* Into the way of the Gentiles.' That is, among the Gentiles, or no where but among the Jews. The full time for preaching the gospel to the former was not come. It was proper that it should be first preached to the Jews, the ancient covenant people of God, and the people among whom the Messiah was born.
And into any city of the Samaritans enter ye not.' The Samaritans occupied the country formerly belonging to the tribe of Ephraim, and the half tribe of Manassah.
That region was situated between Jerusalem and Galilee; so that in passing from the one to the other, it was a direci course to pass through Samaria. The capital of the country was Samaria, formerly a large and splendid city. It is now a small village called Naplose, or Nablous, containing but forty or fifty inhabitants. They are still tenacious of the opinions of their fathers, and still inveterate in their hatred of the Jews. This people was formerly composed of a few of the ten tribes, and a mixture of foreigners. When the ten tribes were carried away into captivity to Babylon, the king of Assyria sent people from Cuthah, Ava, Hamath, and Sepharvaim, to inhabit their country, 2 Kings xvii. 24. Ezra iv. 2--1). These people at first worshipped the idols of their own
nations. But being troubled with lions, which had increased greatly while the country remained uninhabited, they supposed it was because they had not honoured the God of the country. A Jewish priest was therefore sent to them from Babylon, to instruct them in the Jewish religion, but they still retained many of their old rites and idolatrous customs, and embraced a religion made up of Judaism and idolatry, 2 Kings xvii. 26–28.
They obtained leave of the Persian monarch to build a temple for themselves. This was erected on mount Gerizim, and they strenuously contended that that was the place designated by Moses as the place where the nation should worship. Sauballat, the leader of the Samaritans, constituted his son-in-law, Manasses, high priest. The religion of the Samaritans thus became perpetuated, and an irreconcilable hatred arose between them and The Jews. Afterwards Samaria became a place of resort for all the outlaws of Judea. Many Jewish criminals, and refugees from justice, and those excommunicated, betook then selves for safety to Samaria, and greatly increased the hatred which subsisted between the two nations. The Samaritans received only the five books of Moses, and rejected the writings of the prophets, and all the Jewish traditions. From these causes arose an irreconciłable difference between them, so that the Jews regarded them as the worst of the human race, John viii. 48, and had no dealings with them, John iv. 9. Our Saviour, however, preached the gospel to them afterwards, John iv. 6—26, and the apostles imitated his example, Acts viii. 25.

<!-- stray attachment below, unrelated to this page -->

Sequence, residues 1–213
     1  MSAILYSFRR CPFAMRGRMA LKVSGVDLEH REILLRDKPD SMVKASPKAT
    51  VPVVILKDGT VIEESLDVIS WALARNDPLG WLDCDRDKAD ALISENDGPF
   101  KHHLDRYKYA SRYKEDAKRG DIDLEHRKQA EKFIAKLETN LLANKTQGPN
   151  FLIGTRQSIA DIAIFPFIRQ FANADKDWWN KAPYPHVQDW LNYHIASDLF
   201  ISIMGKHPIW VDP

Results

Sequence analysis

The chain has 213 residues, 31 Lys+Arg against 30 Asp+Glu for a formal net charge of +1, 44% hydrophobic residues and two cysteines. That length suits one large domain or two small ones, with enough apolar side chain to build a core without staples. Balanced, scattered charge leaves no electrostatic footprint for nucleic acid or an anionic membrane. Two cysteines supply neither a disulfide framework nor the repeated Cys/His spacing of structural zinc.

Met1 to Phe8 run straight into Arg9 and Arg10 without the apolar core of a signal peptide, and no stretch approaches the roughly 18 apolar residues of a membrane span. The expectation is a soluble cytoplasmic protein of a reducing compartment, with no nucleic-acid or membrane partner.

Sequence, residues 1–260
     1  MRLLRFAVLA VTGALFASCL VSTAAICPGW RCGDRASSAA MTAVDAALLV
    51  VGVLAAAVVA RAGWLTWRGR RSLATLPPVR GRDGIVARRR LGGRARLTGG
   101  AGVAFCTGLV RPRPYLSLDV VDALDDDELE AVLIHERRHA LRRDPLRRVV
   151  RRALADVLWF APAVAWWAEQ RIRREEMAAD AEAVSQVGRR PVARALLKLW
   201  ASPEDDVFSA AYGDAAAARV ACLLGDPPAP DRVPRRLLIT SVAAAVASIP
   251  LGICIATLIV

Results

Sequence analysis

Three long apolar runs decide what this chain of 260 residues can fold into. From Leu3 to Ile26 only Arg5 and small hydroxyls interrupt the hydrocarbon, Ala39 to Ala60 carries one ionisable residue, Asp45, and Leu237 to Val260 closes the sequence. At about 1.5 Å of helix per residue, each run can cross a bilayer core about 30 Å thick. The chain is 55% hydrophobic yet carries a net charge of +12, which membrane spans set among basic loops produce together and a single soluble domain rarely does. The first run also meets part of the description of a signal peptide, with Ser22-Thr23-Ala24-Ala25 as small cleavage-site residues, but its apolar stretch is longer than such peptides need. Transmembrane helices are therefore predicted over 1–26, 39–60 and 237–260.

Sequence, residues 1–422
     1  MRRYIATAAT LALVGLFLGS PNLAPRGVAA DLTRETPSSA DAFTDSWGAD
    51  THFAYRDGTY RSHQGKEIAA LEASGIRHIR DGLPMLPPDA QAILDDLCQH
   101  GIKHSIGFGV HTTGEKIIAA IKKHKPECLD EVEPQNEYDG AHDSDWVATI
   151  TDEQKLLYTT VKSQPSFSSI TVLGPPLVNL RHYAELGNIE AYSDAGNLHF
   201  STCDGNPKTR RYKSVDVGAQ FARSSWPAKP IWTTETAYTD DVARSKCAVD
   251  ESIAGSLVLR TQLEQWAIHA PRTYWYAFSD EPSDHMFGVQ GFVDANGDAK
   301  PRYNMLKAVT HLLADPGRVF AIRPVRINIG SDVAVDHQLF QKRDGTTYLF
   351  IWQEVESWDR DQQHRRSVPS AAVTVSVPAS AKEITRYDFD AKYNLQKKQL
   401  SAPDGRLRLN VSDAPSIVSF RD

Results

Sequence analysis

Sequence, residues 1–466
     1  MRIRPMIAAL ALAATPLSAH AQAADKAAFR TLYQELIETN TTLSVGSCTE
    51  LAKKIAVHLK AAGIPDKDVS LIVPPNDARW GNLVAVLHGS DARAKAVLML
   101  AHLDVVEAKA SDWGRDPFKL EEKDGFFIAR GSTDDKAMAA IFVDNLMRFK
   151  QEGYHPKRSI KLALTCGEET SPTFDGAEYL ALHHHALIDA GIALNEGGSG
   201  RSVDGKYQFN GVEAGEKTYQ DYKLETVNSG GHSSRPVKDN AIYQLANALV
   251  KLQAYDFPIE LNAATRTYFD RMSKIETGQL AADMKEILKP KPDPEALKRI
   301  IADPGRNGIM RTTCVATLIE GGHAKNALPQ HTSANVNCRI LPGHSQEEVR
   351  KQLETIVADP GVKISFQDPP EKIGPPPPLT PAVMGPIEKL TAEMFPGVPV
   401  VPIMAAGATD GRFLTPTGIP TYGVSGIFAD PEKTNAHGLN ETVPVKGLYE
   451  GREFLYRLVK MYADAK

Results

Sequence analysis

6 But go rather to the lost sheep of the house of Israel.
That is, to the Jews. Christ regarded them as wandering and lost, like sheep straying without a shepherd. They had been the chosen people of God, they had long looked for the Messiah; and it was proper that the gospel should be first offered to them.
7 And as ye go, preach, saying, The kingdom of heaven is at hand.
“The kingdom of heaven is at hand.' See note, Matt. iii. 2.
8 Heal the sick, cleanse the lepers, raise the dead, cast out devils : freely ye have received, freely give.
Freely ye have received, freely give.' That is, they were not to sell their favours of healing, preaching, &c. They were not to make a money making business of it, to bargain to heal for so much, and to cast out devils for so much. This, however, neither then nor afterwards, precluded them from receiving a competen! support. See Luke x. 7. 1 Cor. ix. 8-14. 1 Tim. v. 18.
9 Provide neither gold, nor silver, nor brass in your purses,
Nor brass. This prohibition of gold, silver, and brass, is designed to prevent their preparing money for their journey. "Pieces of money of small value were made of brass.
“În your purses. Literally in your girdles. The loose flowing dresses of the Jews required to be girded up, or tied around the body during labour, exercise, running, or even walking. See note, Matt. v. 40. girdle or sash was therefore an indispensable part of the dress. This girdle was made hollow, and answered the purpose of a purse.
10 Nor scrip for your journey, neither two coats neither shoes, nor yet staves : for the workman is worthy of his meat.
Nor scrip. That is, knapsack. It was made of skin or coarse cloth, to carry provisions in. It was commonly hung around the neck. Neither two coats. See note, Mati. v. 40.
Neither shoes.' The original is the word commonly rendered sandals. See note, Matt. iii. 11.
Mark says, in recording this discourse, ' but be shod with sandals. But there is no difference. According to Matthew, Jesus does not forbid their wearing the sandals, which they probably had on, but only forbids their supplying themselves with more, or with superfluous ones. Instead of making provision for their feet when their present shoes were worn out, they were to trust to Providence to be supplied, and go as they were. staves.' But Mark says that they might have a staff. They were hereby probably forbidden to provide and carry a second or spare staff, as is not uncommon in the east when persons are upon a journey. The workman is worthy of his meat. They were not to make bargain and sale of the power of working miracles, but they were to expect competent support from preaching the gospel, and that not merely as a gift, but they were worthy of it, and had a right to it.
11 And into whatsoever city or town ye shall enter, inquire who in it is worthy; and there abide till ye go thence. • Who in it is worthy'
. That is, who in it sustains a fair character, will be able and disposed to show you hospitality, and will treat you kindly: ‘And there abide.' There remain; as Luke adds, 'Go not from house to house. They were to content themselves with one house, not to wander about, not to appear to be men of idleness, and fond of change, or dissatisfied with the hospitality of the people; but to show that they valued their time, and were disposed to give themselves to labour, prayer, and meditation, and to be intent only on the business for which Christ had sent them.